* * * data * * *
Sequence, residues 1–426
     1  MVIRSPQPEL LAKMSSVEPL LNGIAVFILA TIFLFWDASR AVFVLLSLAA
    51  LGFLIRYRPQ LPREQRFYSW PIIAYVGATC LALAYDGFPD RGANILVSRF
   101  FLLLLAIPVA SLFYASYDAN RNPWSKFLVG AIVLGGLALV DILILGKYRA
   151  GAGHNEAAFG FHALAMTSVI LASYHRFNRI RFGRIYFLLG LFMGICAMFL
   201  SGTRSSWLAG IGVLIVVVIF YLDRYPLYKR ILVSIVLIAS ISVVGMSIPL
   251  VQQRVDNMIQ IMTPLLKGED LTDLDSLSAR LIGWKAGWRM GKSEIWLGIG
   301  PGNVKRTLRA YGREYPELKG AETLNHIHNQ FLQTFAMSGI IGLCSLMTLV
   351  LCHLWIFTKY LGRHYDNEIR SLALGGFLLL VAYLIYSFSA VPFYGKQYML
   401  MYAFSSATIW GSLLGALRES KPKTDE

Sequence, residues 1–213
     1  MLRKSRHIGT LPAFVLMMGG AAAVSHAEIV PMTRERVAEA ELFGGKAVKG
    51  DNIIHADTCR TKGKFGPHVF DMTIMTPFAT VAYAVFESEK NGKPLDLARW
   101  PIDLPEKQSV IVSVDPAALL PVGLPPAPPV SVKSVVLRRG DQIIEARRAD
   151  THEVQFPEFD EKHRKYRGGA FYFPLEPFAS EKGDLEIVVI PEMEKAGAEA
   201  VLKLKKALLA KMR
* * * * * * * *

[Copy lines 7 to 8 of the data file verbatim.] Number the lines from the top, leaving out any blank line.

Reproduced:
   251  VQQRVDNMIQ IMTPLLKGED LTDLDSLSAR LIGWKAGWRM GKSEIWLGIG
   301  PGNVKRTLRA YGREYPELKG AETLNHIHNQ FLQTFAMSGI IGLCSLMTLV